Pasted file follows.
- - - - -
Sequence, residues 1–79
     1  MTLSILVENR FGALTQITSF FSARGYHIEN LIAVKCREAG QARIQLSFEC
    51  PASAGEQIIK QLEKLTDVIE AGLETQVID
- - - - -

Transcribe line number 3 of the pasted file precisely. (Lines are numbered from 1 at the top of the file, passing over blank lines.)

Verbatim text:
    51  PASAGEQIIK QLEKLTDVIE AGLETQVID